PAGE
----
Sadly, the government appears not to have been informed the local restaurant industry has struggled over the past few years. The list of cream of the crop casualties in St. John’s alone is extensive: Aqua, The Club, Legros & Motti, Coffee & Company, Bianca’s, Papa’s Pier 17, Relish Gourmet Burgers, and others. If the government did a better job of managing the economy and supporting independent businesses, which includes sensible funding to municipal governments to support independent business, perhaps our foodie reputation would be far more secure than it is.

Part Two: Blaming the past government for the current government’s problems

Here, the Ball Government—elected a year and a half ago—continues blaming the past government for leaving it such an awful “inheritance”. One may assume they will continue doing so until the next election, at which point it will no doubt be the PC’s turn to govern and blame the Liberals. Well, fair game—why waste time fixing things when you can blame someone else for the problem?

“Our government inherited a deep rooted reliance on oil, and with it, a culture of overspending… We inherited an economy lacking diversity and we inherited responsibility for a massive structural deficit, the true size of which had been hidden from the people.”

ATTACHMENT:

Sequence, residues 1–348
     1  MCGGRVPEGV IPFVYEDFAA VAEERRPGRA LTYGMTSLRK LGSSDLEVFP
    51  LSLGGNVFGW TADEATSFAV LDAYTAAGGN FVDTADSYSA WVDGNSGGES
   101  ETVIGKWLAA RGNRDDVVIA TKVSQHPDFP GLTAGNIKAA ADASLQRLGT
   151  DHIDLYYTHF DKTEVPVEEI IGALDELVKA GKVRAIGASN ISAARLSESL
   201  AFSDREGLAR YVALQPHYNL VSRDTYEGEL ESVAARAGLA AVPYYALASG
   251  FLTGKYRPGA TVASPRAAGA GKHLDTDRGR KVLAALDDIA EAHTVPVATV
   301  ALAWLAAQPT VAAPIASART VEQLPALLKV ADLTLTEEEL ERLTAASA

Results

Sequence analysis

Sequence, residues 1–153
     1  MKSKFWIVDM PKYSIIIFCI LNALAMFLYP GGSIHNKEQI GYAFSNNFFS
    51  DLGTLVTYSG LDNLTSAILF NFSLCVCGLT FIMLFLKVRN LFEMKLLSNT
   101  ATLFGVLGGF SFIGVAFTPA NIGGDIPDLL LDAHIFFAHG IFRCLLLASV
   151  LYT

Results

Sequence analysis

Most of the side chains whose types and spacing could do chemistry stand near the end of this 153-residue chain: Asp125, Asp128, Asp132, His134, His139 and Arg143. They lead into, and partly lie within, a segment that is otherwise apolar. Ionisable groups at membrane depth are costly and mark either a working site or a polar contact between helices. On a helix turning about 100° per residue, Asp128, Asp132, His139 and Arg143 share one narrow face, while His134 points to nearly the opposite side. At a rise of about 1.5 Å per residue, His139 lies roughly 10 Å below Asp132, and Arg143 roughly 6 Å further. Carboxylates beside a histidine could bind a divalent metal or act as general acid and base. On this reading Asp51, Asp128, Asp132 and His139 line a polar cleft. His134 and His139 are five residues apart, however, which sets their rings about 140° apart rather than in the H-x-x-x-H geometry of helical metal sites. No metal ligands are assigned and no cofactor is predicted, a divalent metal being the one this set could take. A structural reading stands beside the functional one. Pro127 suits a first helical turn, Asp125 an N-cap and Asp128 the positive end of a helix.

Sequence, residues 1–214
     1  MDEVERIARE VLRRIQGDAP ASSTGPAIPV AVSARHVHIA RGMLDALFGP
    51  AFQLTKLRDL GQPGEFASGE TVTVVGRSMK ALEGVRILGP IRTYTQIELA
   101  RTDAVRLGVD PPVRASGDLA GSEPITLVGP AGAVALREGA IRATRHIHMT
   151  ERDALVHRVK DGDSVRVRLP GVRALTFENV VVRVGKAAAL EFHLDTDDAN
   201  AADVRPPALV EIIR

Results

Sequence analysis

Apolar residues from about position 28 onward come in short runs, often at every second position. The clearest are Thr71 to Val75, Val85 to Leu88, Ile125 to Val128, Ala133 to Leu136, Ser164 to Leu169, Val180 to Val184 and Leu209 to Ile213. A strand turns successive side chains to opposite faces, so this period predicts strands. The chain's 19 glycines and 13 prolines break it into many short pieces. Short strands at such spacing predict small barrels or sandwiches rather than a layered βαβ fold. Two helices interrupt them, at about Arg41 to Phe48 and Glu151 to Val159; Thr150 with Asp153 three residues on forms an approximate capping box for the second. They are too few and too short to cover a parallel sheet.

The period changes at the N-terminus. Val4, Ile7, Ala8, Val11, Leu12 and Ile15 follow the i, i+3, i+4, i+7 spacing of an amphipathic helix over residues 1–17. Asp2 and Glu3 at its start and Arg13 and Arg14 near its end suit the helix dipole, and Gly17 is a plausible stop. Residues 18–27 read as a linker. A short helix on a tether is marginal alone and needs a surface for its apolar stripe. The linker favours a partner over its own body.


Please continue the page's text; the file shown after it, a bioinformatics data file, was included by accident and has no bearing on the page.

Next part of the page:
This, of course, is nonsense. Ball’s Liberals had full awareness of the scale of the deficit challenge they were wandering into, even if they didn’t know the precise figures to the final decimal point. And either way, “inheriting” a bad policy is never an excuse for not changing it.

“Our Government inherited Muskrat Falls,” lament the Liberals in their Speech. Although they regret that the province is saddled with the disastrous project, they’re quick to emphasize they don’t intend to do anything to change it: “We are in too deep. Cancelling the project is not feasible and it would put more financial burden on the people of the province.”

Nonsense again.

“Inheriting” a bad policy is never an excuse for not changing it.

It would put a lot of hard work on the Liberals to cancel it—and as we’ve seen, it’s always easier to blame others than to do hard work of one’s own—but cancelling the project is entirely feasible. It might impact the province’s ability to obtain future multi-billion dollar loans for megaprojects, but that can only be a good thing.